On Saturday, June 2, attendees will hear about "Cultural Challenges to Negotiating Business Transactions" from Glen Fukushima, president and CEO, Cadence Design Systems, Japan, and former president, The American Chamber of Commerce in Japan. In this eye-opening session, Fukushima will share perspectives on different cultural approaches to business negotiations while focusing on the hidden dimensions of culture that can prevent a business relationship from succeeding.

The Saturday session will close with a sneak preview of a major documentary about the history and impact of International House at UC Berkeley, soon to be aired on PBS throughout the U.S. and in selected countries.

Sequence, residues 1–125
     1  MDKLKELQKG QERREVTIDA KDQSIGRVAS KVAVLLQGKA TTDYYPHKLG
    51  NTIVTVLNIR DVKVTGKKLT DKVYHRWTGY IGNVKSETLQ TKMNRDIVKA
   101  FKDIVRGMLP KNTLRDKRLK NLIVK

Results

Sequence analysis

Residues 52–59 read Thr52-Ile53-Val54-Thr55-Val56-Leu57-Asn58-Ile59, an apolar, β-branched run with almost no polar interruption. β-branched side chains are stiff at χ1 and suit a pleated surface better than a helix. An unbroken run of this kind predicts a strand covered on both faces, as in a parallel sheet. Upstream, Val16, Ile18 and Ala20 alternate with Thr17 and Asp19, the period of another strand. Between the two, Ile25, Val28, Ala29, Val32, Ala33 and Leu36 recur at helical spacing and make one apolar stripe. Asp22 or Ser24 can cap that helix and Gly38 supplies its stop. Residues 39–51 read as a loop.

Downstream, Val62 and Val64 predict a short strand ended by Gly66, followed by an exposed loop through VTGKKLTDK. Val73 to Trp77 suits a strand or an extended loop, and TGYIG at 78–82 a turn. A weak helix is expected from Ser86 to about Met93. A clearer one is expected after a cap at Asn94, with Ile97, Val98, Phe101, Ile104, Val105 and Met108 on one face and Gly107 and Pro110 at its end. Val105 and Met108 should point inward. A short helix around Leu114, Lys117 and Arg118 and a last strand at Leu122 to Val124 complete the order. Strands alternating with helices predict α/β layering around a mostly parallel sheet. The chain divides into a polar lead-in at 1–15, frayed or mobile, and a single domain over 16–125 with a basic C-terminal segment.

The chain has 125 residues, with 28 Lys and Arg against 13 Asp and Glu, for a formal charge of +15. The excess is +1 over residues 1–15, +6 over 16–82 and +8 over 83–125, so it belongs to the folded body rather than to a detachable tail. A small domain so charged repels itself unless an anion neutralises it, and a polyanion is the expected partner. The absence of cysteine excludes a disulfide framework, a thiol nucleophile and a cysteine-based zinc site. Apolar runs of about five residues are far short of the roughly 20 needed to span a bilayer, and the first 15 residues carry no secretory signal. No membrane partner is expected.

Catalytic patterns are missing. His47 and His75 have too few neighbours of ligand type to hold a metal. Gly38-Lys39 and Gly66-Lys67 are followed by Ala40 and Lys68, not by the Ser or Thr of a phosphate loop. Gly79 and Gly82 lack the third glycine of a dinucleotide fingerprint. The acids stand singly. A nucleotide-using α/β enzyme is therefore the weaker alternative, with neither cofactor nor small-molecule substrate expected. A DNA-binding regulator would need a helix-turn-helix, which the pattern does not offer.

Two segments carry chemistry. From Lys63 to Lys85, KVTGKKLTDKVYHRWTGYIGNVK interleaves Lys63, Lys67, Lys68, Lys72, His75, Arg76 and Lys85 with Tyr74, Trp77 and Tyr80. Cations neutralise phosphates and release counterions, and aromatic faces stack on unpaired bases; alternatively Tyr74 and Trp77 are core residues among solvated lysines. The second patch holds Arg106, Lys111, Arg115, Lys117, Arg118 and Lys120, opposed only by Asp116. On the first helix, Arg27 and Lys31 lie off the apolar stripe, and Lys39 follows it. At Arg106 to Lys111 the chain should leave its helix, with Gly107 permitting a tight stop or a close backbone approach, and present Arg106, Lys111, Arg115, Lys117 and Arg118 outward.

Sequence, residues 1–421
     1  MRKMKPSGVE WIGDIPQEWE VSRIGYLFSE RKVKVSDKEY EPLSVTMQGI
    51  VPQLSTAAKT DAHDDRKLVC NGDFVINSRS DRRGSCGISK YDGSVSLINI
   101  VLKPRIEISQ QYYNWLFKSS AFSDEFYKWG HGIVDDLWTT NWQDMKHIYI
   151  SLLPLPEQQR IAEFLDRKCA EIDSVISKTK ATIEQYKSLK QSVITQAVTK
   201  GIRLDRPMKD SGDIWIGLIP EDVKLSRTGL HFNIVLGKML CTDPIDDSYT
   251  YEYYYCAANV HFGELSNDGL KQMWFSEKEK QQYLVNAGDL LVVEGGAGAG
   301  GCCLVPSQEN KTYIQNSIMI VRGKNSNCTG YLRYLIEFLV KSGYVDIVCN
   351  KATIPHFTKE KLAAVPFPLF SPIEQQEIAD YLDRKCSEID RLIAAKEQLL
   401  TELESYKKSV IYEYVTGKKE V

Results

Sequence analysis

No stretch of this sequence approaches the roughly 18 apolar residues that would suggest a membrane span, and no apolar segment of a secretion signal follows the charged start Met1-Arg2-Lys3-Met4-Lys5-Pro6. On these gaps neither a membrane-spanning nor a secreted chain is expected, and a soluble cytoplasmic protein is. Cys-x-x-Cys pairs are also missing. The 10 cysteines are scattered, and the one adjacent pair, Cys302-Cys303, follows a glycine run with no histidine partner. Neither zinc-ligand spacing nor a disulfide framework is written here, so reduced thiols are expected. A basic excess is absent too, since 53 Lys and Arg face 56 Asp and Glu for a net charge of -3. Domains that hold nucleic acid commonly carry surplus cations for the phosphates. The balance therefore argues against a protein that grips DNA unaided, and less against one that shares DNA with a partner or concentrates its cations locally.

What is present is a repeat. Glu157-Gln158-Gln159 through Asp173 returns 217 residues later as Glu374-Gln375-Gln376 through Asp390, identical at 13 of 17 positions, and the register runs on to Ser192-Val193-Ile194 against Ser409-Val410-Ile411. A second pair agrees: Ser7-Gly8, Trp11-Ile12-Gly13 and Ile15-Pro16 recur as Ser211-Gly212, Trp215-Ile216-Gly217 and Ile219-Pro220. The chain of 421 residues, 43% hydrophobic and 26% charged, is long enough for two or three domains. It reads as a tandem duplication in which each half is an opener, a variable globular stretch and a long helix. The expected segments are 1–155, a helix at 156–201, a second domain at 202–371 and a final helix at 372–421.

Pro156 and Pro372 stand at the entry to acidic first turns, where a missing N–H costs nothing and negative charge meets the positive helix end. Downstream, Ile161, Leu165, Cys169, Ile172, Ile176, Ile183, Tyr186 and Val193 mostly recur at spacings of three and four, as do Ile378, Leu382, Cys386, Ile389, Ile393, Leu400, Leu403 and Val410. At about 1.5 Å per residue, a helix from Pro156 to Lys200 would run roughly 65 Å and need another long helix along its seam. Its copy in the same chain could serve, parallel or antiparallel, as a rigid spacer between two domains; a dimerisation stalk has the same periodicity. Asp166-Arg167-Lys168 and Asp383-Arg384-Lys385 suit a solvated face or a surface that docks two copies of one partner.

Following the symposium will be a two-day seminar: UC Berkeley Executive Education in Tokyo -- Technology and Entrepreneurship Management. This special program, offered for the first time in Japan, will share and examine UC Berkeley's most fundamental lessons on the creation of new technology ventures for the new century.

The Haas School of Business, along with UC Berkeley's College of Engineering and International House, are co-presenting the symposium. All Cal alumni and their associates who live or work in Asia, or who may be traveling in the area at that time, are invited to attend the symposium and post-symposium seminar.

For more information, contact the Haas School Alumni Office at 510-642-7790, e-mail alumni@haas.berkeley.edu, or visit the symposium website at http://www.ucb-symposium.com/.

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Dean Laura Tyson was mentioned in the Financial Times on April 9 in an article titled, "Inside Track Business Education."